Fig. (2). a) sandblasting of the zirconia sample; b) specimen with the inverted cone of composite resin; c) specimen positioned for the tensile bond test.

Table 2. Luting procedures in the zirconia ceramic samples.
Groups Luting procedures
Group 1 – SBU A thin layer of the adhesive was applied, gently air-dried for 5 s and light-cured for 10 s with the light unit LED Radii Cal.
Group 2 - Silane + SBU A layer of the silane RelyX Ceramic Primer was applied and gently air-dried for 5 s. The adhesive SBU was applied as described for group 1.
Group 3 - Signum Zirconia Bond (SZ) A layer of the Signum Zirconia Bond part I was applied and gently air-dried for 5 s. Then, a layer of Signum Zirconia Bond part II was applied and light-cured for 40 s with the light unit LED Radii Cal.
Group 4 - Z-Prime Plus (ZP) A layer of Z-Prime Plus was applied, gently air-dried for 5 s, and light-cured for 40 s with the light unit LED Radii Cal.
Group 5 - MZ Primer (MZ) A layer of MZ Primer was applied, gently air-dried for 5 s, and light-cured for 40 s with the light unit LED Radii Cal.
SBU – Scotchbond Universal.

A metallic split cylinder, 4 mm high with a 3-mm-diameter orifice at the bottom and 5-mm-diameter orifice at the top, was placed against the adhesive or primer applied on the surface of the samples. The composite resin Empress Direct was inserted in the interior of the orifice in two increments to form an inverted cone of composite resin (Fig. 2b), which provided a grip for the clutch used in the tensile bond test (Fig. 2c). Each increment was light-cured for 20 s with the curing unit Radii Cal (SDI, Bayswater, Vic, Australia) with a light intensity of 1,000 mW/cm2. The light intensity was controlled by a radiometer (LED Curing Radiometer, Demetron, USA).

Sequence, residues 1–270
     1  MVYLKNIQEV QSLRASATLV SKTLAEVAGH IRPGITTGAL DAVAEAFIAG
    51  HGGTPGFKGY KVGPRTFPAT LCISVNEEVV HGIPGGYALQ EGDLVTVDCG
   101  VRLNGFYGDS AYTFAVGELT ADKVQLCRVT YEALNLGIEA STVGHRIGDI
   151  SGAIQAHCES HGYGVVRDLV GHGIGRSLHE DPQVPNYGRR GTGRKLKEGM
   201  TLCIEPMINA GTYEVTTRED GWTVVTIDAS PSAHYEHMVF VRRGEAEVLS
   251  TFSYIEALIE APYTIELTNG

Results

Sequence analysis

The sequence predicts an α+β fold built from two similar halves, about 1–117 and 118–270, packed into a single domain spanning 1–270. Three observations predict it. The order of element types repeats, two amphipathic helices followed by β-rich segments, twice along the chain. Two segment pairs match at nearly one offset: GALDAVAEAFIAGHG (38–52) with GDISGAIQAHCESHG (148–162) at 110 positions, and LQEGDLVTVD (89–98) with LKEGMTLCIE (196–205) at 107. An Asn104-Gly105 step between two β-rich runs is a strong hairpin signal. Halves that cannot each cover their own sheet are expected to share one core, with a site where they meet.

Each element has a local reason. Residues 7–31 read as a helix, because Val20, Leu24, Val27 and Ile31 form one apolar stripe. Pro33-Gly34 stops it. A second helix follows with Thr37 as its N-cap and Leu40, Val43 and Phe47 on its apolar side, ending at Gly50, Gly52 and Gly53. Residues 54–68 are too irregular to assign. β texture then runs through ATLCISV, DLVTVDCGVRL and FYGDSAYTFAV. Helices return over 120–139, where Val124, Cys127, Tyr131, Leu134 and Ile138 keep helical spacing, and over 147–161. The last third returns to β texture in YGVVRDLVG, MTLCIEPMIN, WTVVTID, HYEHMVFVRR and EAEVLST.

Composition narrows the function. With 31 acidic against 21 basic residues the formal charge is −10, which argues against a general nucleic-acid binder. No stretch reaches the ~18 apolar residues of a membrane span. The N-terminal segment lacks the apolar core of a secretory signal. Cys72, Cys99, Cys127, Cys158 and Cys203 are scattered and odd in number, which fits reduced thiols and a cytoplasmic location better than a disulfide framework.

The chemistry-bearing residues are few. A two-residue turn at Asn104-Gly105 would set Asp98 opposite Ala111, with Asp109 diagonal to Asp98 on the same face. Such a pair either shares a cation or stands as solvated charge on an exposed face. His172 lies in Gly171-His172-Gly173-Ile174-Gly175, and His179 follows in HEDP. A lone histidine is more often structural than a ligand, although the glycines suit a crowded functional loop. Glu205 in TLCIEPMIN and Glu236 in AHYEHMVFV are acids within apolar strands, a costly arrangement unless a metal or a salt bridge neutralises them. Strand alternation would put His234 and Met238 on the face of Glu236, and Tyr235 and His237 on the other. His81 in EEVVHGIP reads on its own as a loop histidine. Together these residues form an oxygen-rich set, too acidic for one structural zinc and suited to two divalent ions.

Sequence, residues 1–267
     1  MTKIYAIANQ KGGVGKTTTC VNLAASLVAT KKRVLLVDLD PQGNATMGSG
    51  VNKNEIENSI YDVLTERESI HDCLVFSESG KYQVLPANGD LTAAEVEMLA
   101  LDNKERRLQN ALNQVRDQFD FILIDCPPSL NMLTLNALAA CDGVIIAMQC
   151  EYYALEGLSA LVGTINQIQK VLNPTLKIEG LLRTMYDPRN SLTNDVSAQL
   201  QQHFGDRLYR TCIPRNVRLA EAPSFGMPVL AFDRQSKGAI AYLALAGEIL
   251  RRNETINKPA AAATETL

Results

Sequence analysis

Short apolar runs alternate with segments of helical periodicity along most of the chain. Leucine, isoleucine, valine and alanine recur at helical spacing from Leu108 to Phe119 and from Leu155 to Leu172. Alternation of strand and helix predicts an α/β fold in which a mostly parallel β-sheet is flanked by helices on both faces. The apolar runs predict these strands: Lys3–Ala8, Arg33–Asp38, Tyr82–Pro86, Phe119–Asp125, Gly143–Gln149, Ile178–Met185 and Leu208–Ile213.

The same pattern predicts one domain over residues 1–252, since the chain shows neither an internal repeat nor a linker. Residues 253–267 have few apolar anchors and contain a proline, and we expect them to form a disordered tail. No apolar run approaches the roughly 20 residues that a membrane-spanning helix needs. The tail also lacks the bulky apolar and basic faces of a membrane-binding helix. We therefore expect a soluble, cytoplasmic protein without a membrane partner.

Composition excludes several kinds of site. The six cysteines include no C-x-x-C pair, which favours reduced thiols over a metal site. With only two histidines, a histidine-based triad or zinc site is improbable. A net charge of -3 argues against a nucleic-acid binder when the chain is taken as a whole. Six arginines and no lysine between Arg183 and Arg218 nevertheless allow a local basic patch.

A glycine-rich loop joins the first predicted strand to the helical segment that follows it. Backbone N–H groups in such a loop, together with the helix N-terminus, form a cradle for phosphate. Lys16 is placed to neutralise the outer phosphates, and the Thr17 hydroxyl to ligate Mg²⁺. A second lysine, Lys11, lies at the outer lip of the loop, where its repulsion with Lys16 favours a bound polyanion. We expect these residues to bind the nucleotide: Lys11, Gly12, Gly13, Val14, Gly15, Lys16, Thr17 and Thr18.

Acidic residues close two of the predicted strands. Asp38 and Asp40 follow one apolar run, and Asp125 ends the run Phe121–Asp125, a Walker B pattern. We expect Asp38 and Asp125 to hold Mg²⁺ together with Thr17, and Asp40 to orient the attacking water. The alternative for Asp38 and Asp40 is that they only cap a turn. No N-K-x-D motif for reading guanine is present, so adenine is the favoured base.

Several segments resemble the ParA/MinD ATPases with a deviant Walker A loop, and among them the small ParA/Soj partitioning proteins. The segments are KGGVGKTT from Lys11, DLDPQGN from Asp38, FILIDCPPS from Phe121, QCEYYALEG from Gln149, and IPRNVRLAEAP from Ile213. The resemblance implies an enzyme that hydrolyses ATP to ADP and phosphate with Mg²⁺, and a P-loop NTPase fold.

The specimens were stored in 100% relative humidity with distilled water at 37°C for 48 h. The specimens in each group (n=15) were submitted to tensile bond strength tests in a universal testing machine (EMIC DL-2000, São José dos Pinhais, PR, Brazil) at a crosshead speed of 0.5 mm/min. The tensile bond strength values in MPa were calculated from the peak load at failure divided by the specimen surface area.

After the tensile bond strength tests, the fractured surfaces of the specimens were visually examined with a stereomicroscope (Olympus Corp., Tokyo, Japan) at x20 to classify the type of failure that occurred during the debonding procedure. The failures were classified as follows: a) adhesive: rupture in the interface between the ceramic and the adhesive or primer; b) cohesive: cohesive failure in the ceramic or in the composite resin cone; c) mixed (adhesive and cohesive failure).

Tensile bond strength values were submitted to the Shapiro-Wilk normality test. As there was normality in the values of bond strength, the data were analyzed by ANOVA and Tukey’s test. P < 0.05 was considered significant.